The greenwaste absorbed a great amount of rainfall before becoming saturated and flowing through at effectively 100% penetration (See Figure 4). The soil also absorbed some rainfall, but shed some as well, with a great amount of visible soil erosion in the water runoff (See Figure 5).

Enviro Cover greatly exceeded the barrier properties of either the soil or the greenwaste, shedding most of the rainfall and absorbing only a small amount at the soil ballasted overlap.

Geosynthetic tarps come in two classifications, according to the ASTM D6523 “Standard Guide for Evaluation and Selection of Alternative Daily Covers for Sanitary Landfills”: either reusable or non-reusable. The reusable tarps are thick mats that can be unrolled or pulled over a workface at the end of the workday and removed again before the start of the next day. A non-reusable geosynthetic is simply buried in the working face with the next day’s waste where it can degrade in an accelerated fashion due to the presence of a prodegradant additive. An advantage of a non-reusable geosynthetic is that it continues with barrier benefits through to the following waste fill sequence.

In other words, it provides a continuous extended barrier between waste and the environment.

Reusable tarps provide good barrier action against fluid migration only while in place, but their time in actual coverage is limited to a partial day-being applied at day’s end and taken up from the workface before the start of operation the next day.

Assuming a 12-hour workday, this would be half coverage through a 24-hour day, allowing the waste to go uncovered for the remaining half day. This means that the average reusable tarp provides exposure to precipitation for leachate generation with a penetration rate of 50 % in the workface. In effect, reusable tarps offer less leachate penetration resistance than any of the other materials tested in this study.

Foams and slurries, while not tested in this study, can for the most part be expected to perform similarly to greenwaste but with a different degree of water absorption and penetration. These are permeable materials and will compare poorly with an impermeable ADCM in shedding precipitation, allowing 100% penetration once the rain saturates and dissipates the foam or slurry.

Extension of Results to Odors and Gas

Using the concept of intrinsic permeability, we can correlate flows of water to flows of gas and therefore to the flow of odors as well.

Intrinsic permeability is a characteristic of any porous medium and entirely independent of the nature of the fluid, whether gas or liquid. Simplifying from Darcy’s law for water and gas flow through a permeable medium and solving for the intrinsic permeability coefficient in common (Ref 2, 3), we can calculate volumetric flow of landfill gas Qlfg through daily cover as proportional to volumetric flow of water Qw. This constant of proportionality is simply the ratio of respective fluid viscosities and densities, as in Equation 1. Tests and conclusions for water testing as reported here can thereby be used to apply proportional results for gaseous flows:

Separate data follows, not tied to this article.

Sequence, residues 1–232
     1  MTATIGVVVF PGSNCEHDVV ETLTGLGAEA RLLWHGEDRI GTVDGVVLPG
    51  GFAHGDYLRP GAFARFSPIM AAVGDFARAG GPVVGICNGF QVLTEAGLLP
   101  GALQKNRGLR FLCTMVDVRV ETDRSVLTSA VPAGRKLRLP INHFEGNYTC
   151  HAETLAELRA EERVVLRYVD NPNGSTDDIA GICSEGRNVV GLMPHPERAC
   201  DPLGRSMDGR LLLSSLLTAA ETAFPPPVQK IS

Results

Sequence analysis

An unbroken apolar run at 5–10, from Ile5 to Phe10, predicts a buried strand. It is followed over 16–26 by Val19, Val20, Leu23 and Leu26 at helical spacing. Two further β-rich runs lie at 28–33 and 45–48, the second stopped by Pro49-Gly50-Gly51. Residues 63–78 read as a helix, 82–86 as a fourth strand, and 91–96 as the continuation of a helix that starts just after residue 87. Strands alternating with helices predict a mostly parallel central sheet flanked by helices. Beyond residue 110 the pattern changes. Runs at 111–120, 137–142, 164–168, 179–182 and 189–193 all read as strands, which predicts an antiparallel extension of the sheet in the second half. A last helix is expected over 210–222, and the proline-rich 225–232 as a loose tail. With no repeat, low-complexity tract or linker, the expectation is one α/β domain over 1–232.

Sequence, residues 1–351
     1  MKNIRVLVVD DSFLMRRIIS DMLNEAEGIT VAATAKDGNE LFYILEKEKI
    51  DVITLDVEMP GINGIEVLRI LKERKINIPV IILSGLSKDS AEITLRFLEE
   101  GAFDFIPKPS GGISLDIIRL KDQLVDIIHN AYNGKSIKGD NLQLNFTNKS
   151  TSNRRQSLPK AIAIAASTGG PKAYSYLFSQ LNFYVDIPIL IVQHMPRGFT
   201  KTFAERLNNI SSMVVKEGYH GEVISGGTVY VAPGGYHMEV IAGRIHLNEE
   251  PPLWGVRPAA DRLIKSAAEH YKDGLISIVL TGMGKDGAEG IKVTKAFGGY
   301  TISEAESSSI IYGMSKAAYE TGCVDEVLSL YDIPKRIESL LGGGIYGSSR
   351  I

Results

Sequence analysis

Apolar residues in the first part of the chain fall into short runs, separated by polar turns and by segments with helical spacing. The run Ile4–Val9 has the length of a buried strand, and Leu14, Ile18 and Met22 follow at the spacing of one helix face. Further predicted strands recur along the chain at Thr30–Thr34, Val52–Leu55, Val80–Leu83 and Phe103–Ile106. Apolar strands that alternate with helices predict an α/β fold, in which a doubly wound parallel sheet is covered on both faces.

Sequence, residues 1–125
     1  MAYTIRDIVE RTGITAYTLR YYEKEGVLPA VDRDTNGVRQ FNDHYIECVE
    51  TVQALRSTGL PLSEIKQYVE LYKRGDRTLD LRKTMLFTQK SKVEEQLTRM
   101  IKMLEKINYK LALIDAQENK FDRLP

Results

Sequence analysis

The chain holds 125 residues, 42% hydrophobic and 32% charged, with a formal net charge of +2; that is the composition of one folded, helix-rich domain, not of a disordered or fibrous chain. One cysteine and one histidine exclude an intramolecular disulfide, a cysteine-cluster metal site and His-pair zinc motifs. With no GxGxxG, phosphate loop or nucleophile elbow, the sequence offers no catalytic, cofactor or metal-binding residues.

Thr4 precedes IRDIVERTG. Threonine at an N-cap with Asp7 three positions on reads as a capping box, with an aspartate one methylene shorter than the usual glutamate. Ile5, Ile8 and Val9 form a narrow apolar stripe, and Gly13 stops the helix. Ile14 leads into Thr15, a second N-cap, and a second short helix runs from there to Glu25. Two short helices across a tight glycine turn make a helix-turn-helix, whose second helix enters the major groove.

Qlfg = Qw(µwLlfg/µlfgLw)

Conclusions
Daily covers can make a significant difference to landfill operations, not only in airspace savings and operation costs but in other aspects of economic and environmental benefit.

Landfill gas and odor control, along with leachate volume reduction and management, are two such areas where the choice of daily cover materials can strongly direct a landfill’s operational benefits and future cost savings. The impact of good daily cover material selection can go far beyond what landfills may be accustomed to thinking about in the practice and application for daily cover.

References

1)         ASTM D6523, “Standard Guide for Evaluation and Selection of Alternative Daily Covers (ADC’s) for Sanitary Landfills,” American Society for Testing and Materials, Philadelphia, PA, USA, 2000 (Reapproved 2009).

2)         Muskat, M., [ITALIC]The Flow of Homogeneous Fluids through Porous Media, McGraw Hill Book Co, Inc, New York, USA, 1937.

3)         McWhorter, D.B., and Sunada, D.K., Groundwater Hydrology and Dynamics, Water Resources Publications, Ft. Collins, CO, USA, 1977

About the Author

Mark Cadwallader

Contributing writer Mark W. Cadwallader is principal of Cadwallader Technical Services (CTS) in Conroe, TX.